7 Standouts For Comfort Food in Boston

Winter weather might encourage you to stay in, but we say, 'Don't'! Especially at meal time, when local chefs' elevated takes on comfort food classics warm the soul.

Staying in a hotel on holiday means eating in isn’t an option. Lucky for you, local chefs offer awesome alternatives to TV dinner-style fare with these elevated takes on common comfort food.


Yankee Pot Roast at Henrietta’s Table

Henrietta's Table's delicious Yankee pot roast

What’s better than sliced beef in gravy with buttered corn and whole potatoes served in an aluminum tin 1950s’ style? So much. So, so much. A delicious modern take on that TV dinner—which was actually an uninspired "quick-meal" version of a regional New England dish—can be relished at Chef Peter Davis’ farm-to-table, Harvard Square hangout, Henrietta’s Table. “Pot roast is an old New England classic and has remained on our menu since opening,” he says. “We often thought that sales would slow down in warmer months, but they have not. It’s just one of those dishes that our guests return for time and time again.” 

1 Bennett St., Cambridge, MA, 617.661.5005


Savory Pies at Park

One example of PARK's signature meat pies

PARK Restaurant & Bar puts a meaty spin on the chicken potpie of yesteryear. Grafton Group culinary director Mark Goldberg’s 21st-century rendition changes by the day and per his whim—think beef Wellington with spinach and mushroom roux or a mashed-potato-topped lamb shepherd’s pie. “What I love most is that even though the filling is ever-rotating, it always features flaky pastry, seasonal vegetables and braised meats,” says Goldberg. “For me, anything that showcases effort, love and caring in preparation fits the definition of comfort food.”

59 JFK St., Cambridge, MA, 617.491.9851


Schnitzel at Bronwyn

Among the flavorful spatzle, sauerbraten and pierogi on the menu at Union Square’s resident Central European restaurant, schnitzel is a standout of Tim Wiechmann’s cultural and culinary repertoire. “Schnitzel is crispy, buttery and juicy, and can be served in so many different ways,” effuses the chef-owner. Not to mention, Wiechmann’s version is a far cry from a frozen German-style dinner. “At Bronwyn, we’re currently serving it with an apple-bacon cream sauce. What can be more comforting than that?”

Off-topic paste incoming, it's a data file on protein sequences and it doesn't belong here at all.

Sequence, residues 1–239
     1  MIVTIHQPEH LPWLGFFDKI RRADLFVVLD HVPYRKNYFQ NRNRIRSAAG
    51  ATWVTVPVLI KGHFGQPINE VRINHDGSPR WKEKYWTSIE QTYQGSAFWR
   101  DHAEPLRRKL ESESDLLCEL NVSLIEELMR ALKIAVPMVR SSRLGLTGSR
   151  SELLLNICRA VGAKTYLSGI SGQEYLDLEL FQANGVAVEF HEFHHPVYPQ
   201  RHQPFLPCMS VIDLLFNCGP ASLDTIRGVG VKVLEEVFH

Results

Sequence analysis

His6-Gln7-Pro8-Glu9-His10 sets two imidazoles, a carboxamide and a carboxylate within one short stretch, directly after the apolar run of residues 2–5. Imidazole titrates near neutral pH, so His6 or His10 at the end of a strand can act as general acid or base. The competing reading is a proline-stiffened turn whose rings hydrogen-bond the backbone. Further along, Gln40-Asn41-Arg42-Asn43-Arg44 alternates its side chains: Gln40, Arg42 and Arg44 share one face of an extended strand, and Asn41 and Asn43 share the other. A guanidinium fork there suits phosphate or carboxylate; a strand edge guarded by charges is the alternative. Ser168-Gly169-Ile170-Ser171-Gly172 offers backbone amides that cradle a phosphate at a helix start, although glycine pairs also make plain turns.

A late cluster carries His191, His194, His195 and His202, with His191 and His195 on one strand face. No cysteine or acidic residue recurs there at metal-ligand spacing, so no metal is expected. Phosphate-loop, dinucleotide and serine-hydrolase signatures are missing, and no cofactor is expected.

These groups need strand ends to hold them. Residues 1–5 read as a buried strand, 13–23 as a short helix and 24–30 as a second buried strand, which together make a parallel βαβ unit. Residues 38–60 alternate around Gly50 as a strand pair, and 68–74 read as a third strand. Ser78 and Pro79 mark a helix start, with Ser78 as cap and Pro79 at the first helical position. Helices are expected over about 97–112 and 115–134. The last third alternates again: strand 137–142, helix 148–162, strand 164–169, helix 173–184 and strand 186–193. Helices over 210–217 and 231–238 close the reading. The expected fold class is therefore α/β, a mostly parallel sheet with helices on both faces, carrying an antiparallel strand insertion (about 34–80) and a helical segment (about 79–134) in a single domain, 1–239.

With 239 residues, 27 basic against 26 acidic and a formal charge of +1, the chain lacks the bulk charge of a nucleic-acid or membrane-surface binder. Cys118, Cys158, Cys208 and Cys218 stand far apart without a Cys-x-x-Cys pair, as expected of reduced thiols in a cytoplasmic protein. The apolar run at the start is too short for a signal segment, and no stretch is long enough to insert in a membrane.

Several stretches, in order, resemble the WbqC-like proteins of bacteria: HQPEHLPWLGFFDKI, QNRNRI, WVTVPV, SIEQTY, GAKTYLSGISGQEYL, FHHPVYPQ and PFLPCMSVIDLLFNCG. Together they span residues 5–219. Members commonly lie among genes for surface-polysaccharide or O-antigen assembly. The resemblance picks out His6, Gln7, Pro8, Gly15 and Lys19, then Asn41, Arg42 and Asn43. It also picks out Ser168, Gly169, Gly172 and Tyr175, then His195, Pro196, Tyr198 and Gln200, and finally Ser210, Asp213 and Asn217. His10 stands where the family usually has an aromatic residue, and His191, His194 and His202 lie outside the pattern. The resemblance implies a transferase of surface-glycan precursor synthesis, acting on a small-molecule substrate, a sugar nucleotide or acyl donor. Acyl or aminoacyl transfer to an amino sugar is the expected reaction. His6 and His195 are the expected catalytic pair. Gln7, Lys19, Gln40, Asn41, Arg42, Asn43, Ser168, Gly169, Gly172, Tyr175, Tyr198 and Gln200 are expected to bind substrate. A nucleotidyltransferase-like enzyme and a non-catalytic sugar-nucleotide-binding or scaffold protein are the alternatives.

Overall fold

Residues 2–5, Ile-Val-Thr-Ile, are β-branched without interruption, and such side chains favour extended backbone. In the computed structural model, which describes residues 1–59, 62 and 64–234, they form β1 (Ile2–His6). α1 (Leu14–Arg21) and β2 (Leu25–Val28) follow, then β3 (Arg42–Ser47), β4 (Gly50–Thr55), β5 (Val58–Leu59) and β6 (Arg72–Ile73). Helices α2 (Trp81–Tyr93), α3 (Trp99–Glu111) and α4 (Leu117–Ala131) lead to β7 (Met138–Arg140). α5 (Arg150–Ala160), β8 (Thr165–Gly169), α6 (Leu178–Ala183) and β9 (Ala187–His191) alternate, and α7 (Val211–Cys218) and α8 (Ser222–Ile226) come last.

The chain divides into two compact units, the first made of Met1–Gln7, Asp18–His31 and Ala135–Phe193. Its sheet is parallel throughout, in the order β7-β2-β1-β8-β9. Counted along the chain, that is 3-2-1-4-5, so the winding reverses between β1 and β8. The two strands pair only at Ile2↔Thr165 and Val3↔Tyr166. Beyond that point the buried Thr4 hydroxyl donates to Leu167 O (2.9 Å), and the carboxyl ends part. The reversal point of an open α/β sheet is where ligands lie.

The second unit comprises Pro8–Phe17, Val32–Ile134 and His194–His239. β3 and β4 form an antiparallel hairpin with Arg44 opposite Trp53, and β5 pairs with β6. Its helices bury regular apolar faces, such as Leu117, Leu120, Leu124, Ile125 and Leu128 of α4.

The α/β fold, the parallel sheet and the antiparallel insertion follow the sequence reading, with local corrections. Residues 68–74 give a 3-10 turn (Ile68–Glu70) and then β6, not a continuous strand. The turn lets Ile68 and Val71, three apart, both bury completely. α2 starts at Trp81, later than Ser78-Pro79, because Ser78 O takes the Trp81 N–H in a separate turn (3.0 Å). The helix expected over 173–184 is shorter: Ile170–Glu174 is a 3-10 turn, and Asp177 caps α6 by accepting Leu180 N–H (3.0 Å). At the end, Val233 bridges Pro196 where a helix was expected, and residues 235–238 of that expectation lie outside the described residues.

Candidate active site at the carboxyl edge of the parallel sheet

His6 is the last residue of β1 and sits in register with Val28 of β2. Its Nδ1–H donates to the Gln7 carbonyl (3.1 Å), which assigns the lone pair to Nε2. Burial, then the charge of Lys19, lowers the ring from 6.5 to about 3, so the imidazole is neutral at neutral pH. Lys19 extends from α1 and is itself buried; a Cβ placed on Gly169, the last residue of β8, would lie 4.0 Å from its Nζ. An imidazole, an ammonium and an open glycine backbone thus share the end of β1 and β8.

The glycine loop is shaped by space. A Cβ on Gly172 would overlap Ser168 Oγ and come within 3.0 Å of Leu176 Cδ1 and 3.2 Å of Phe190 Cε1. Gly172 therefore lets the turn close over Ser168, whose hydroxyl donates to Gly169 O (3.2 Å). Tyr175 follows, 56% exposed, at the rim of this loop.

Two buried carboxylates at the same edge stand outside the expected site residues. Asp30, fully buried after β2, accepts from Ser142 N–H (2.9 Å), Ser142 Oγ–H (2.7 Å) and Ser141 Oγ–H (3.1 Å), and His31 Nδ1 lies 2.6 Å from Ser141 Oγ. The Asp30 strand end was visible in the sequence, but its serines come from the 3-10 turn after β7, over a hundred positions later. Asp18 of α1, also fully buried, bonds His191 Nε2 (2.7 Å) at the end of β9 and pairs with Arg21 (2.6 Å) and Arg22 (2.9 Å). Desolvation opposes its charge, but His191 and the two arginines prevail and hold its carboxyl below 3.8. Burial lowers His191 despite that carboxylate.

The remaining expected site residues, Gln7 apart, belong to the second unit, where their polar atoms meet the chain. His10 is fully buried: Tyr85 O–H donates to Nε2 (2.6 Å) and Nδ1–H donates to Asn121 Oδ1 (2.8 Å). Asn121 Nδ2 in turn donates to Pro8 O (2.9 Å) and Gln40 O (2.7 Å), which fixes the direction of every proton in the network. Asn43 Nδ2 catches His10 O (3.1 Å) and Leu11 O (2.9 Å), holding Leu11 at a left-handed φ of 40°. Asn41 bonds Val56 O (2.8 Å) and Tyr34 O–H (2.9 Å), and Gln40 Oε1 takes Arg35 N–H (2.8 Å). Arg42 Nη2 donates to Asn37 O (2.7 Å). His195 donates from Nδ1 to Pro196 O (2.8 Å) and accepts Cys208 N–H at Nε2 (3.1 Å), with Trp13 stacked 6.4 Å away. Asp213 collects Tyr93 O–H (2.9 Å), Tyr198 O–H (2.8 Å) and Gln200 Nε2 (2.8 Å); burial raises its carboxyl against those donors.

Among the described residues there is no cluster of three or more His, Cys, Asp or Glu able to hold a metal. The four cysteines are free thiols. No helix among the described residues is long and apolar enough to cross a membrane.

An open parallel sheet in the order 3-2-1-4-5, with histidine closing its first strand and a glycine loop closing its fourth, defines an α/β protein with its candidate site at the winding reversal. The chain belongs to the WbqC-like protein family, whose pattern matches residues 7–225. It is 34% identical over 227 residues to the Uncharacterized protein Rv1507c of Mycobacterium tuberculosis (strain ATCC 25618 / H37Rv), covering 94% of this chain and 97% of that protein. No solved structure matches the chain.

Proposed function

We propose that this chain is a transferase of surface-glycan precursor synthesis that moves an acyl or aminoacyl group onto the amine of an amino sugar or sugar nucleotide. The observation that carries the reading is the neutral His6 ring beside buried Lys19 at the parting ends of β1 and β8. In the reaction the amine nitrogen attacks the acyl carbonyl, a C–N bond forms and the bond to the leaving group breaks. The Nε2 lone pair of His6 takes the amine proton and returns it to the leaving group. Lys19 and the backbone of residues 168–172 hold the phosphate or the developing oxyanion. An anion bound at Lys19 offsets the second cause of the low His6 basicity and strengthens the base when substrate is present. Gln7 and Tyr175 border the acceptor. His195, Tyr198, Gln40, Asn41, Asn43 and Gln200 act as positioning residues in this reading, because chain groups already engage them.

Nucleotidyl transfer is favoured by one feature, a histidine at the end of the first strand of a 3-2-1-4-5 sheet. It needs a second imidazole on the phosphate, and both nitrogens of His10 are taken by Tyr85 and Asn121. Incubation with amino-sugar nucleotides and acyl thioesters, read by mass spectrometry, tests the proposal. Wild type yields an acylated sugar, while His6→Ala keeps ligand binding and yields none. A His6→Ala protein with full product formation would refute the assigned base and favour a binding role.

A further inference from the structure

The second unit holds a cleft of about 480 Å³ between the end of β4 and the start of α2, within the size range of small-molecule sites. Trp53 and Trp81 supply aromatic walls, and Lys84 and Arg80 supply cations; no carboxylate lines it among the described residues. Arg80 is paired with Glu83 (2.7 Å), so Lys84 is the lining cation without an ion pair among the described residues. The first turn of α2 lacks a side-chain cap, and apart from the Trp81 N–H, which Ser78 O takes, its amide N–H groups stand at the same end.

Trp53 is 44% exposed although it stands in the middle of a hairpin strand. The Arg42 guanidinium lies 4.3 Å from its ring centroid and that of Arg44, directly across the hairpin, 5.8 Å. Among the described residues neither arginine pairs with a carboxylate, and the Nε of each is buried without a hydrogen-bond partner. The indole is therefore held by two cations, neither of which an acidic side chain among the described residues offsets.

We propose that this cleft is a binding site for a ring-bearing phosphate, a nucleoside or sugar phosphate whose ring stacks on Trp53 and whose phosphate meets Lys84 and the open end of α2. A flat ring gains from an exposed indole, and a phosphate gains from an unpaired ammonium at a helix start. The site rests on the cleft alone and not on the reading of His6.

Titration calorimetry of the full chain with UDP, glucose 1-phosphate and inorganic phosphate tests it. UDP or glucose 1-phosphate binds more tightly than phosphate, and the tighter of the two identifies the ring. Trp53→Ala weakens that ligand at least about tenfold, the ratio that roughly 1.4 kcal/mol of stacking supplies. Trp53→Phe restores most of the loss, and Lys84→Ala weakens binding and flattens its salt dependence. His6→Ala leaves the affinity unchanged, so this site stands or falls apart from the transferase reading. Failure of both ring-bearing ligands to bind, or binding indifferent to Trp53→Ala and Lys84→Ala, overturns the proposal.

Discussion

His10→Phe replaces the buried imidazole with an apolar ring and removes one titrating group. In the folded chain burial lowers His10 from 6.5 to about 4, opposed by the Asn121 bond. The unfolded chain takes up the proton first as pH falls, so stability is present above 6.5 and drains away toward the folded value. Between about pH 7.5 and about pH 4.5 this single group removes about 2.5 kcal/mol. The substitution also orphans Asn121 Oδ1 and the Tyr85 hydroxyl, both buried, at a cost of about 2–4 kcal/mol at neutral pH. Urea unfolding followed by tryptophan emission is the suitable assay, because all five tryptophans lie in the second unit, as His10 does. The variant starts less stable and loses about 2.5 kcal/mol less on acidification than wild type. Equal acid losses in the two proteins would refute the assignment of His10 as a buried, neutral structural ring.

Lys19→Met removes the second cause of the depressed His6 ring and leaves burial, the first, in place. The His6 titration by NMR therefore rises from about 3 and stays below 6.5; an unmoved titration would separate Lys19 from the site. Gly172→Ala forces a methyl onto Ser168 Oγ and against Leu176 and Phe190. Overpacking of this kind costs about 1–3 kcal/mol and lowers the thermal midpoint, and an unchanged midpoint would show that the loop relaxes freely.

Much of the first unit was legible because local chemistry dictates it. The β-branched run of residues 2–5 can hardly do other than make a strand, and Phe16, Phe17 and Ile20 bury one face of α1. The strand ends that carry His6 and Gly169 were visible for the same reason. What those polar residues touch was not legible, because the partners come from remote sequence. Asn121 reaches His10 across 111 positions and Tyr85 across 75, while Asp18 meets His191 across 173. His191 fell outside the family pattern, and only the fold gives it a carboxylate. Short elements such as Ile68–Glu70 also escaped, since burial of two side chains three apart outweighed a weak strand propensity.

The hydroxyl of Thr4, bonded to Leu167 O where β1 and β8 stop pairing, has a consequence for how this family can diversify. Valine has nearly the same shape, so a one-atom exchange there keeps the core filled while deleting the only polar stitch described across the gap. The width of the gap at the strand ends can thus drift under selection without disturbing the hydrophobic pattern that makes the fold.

255 Washington St., Somerville, MA, 617.776.9900


Mac and Cheese at Stephanie’s on Newbury

How good does Stephanie's mac and cheese look?!

"Our mac and cheese is creamy, cheesy goodness,” says Stephanie Sokolove, the owner of the perennially popular Stephanie's On Newbury restaurant. “It’s the ultimate comfort food classic and has been on the menu since day one.”  That was 22 years ago and patrons are still lining up for the calorie-laden, bread-crumb-topped dish.

190 Newbury St., Boston, MA, 617.236.0990


Fish and Chips at Island Creek Oyster Bar

Dig into the fish and chips from ICOB

You haven’t experienced Boston unless you’ve finger-licked this fresh, regional staple. At ICOB, “beer-battered local white fish is served with malt vinegar aioli, lemon, hand-cut fries and homemade coleslaw,” says chef and partner Jeremy Sewall. “It is salty [and] crispy, and I think it is comfort food because it is a familiar dish that many people can identify—a humble dish that is served in many versions from road side clam shacks to the finest of dining.”

500 Commonwealth Ave., Boston, MA, 617.532.5300


Meatloaf Club at Parish Cafe

"I had nine kids in my family, and I grew up poor," says Sean Simmons, chef-owner of Parish Cafe. "My mother made meatloaf a lot." Parish Cafe's signature meatloaf club sandwich has been on the menu for 15 years, and the restaurant sells loads of them, served with mashed potatoes and gravy. "It's definitely comfort food," he says, "comfort food with spice! There are chipotle peppers mixed into the meat, and chipotle mayo spread on top."

361 Boylston St., Boston, MA, 617.247.4777 


Nightly Roasts at Loyal Nine

Ossabaw pork at Loyal Nine

Marc Sheehan’s new-ish spot puts forth what he calls “East Coast revival” cuisine, which basically means using time-tested methods to roast meat and cook other rustic New England region recipes. “Growing up, my family generally had a Sunday supper that involved a roast as well as sides,” reminisces Sheehan. “It was one of my favorite meals of the week. The act of eating those meals, a cut of meat being carved, sides getting pass around, that’s how I love to eat and how we love to have our guests eat.” We’re not talking a simple roasted turkey here. At Loyal Nine, the protein changes daily and can run the gamut from Ossabaw pork racks to suckling veal shanks to bluefish heads. Slow cooked, super flavorful and served with two sides.

660 Cambridge St., Cambridge, MA, 617.945.2576

Leigh Harrington
About the author

Leigh formerly served as the Boston editor for Where and was the br...